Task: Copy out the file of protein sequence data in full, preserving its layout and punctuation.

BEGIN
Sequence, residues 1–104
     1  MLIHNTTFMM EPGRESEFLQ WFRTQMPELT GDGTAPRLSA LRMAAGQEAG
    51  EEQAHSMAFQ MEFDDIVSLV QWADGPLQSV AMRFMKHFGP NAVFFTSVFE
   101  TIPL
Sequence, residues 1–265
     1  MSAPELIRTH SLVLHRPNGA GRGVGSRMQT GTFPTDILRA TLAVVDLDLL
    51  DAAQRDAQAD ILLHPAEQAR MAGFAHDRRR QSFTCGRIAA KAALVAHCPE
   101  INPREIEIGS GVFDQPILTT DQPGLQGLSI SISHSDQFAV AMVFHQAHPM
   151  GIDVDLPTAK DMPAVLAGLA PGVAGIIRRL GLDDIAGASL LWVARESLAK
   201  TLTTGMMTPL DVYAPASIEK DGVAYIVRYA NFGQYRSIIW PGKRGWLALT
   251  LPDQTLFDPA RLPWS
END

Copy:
Sequence, residues 1–104
     1  MLIHNTTFMM EPGRESEFLQ WFRTQMPELT GDGTAPRLSA LRMAAGQEAG
    51  EEQAHSMAFQ MEFDDIVSLV QWADGPLQSV AMRFMKHFGP NAVFFTSVFE
   101  TIPL
Sequence, residues 1–265
     1  MSAPELIRTH SLVLHRPNGA GRGVGSRMQT GTFPTDILRA TLAVVDLDLL
    51  DAAQRDAQAD ILLHPAEQAR MAGFAHDRRR QSFTCGRIAA KAALVAHCPE
   101  INPREIEIGS GVFDQPILTT DQPGLQGLSI SISHSDQFAV AMVFHQAHPM
   151  GIDVDLPTAK DMPAVLAGLA PGVAGIIRRL GLDDIAGASL LWVARESLAK
   201  TLTTGMMTPL DVYAPASIEK DGVAYIVRYA NFGQYRSIIW PGKRGWLALT
   251  LPDQTLFDPA RLPWS